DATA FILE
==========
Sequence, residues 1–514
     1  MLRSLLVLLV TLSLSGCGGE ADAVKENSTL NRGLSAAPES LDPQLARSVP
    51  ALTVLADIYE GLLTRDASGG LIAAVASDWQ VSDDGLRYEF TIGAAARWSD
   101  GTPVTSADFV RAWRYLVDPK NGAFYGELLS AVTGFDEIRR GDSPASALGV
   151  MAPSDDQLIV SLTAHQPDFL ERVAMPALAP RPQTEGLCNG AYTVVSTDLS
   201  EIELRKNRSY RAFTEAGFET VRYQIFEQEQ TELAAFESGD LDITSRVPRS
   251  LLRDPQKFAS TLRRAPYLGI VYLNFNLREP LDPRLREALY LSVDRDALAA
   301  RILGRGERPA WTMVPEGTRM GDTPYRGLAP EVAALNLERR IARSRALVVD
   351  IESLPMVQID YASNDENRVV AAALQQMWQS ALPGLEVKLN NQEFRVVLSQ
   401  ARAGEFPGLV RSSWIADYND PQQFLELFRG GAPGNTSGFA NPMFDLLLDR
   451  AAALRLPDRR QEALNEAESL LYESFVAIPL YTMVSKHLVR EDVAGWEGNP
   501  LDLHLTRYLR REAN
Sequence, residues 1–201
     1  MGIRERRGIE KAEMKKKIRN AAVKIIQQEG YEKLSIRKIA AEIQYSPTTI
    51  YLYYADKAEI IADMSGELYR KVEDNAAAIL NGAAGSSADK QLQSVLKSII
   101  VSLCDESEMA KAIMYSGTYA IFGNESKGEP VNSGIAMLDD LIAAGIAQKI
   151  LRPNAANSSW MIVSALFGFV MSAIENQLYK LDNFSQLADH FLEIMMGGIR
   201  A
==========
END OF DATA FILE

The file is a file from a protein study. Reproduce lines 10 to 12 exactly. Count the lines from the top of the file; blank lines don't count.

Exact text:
   401  ARAGEFPGLV RSSWIADYND PQQFLELFRG GAPGNTSGFA NPMFDLLLDR
   451  AAALRLPDRR QEALNEAESL LYESFVAIPL YTMVSKHLVR EDVAGWEGNP
   501  LDLHLTRYLR REAN